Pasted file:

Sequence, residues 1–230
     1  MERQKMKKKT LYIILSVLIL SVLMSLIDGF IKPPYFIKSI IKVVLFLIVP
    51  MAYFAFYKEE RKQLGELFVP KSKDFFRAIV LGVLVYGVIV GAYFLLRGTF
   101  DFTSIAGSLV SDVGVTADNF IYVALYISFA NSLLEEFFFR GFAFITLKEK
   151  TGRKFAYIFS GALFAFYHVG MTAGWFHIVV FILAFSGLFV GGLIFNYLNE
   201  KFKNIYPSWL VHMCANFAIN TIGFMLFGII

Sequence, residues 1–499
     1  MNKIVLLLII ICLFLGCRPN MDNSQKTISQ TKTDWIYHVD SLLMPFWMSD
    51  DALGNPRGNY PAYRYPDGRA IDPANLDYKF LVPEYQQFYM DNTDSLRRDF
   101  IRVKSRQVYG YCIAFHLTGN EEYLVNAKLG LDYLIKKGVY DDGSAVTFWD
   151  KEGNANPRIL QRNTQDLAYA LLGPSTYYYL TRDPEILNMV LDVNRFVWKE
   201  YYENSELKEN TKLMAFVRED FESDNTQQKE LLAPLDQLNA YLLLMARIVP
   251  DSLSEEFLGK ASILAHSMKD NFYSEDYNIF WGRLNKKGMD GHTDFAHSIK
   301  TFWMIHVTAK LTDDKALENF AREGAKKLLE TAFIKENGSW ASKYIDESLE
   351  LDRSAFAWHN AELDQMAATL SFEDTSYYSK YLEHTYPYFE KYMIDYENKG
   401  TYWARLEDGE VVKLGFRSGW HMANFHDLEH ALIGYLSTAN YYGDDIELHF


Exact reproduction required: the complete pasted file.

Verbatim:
Sequence, residues 1–230
     1  MERQKMKKKT LYIILSVLIL SVLMSLIDGF IKPPYFIKSI IKVVLFLIVP
    51  MAYFAFYKEE RKQLGELFVP KSKDFFRAIV LGVLVYGVIV GAYFLLRGTF
   101  DFTSIAGSLV SDVGVTADNF IYVALYISFA NSLLEEFFFR GFAFITLKEK
   151  TGRKFAYIFS GALFAFYHVG MTAGWFHIVV FILAFSGLFV GGLIFNYLNE
   201  KFKNIYPSWL VHMCANFAIN TIGFMLFGII

Sequence, residues 1–499
     1  MNKIVLLLII ICLFLGCRPN MDNSQKTISQ TKTDWIYHVD SLLMPFWMSD
    51  DALGNPRGNY PAYRYPDGRA IDPANLDYKF LVPEYQQFYM DNTDSLRRDF
   101  IRVKSRQVYG YCIAFHLTGN EEYLVNAKLG LDYLIKKGVY DDGSAVTFWD
   151  KEGNANPRIL QRNTQDLAYA LLGPSTYYYL TRDPEILNMV LDVNRFVWKE
   201  YYENSELKEN TKLMAFVRED FESDNTQQKE LLAPLDQLNA YLLLMARIVP
   251  DSLSEEFLGK ASILAHSMKD NFYSEDYNIF WGRLNKKGMD GHTDFAHSIK
   301  TFWMIHVTAK LTDDKALENF AREGAKKLLE TAFIKENGSW ASKYIDESLE
   351  LDRSAFAWHN AELDQMAATL SFEDTSYYSK YLEHTYPYFE KYMIDYENKG
   401  TYWARLEDGE VVKLGFRSGW HMANFHDLEH ALIGYLSTAN YYGDDIELHF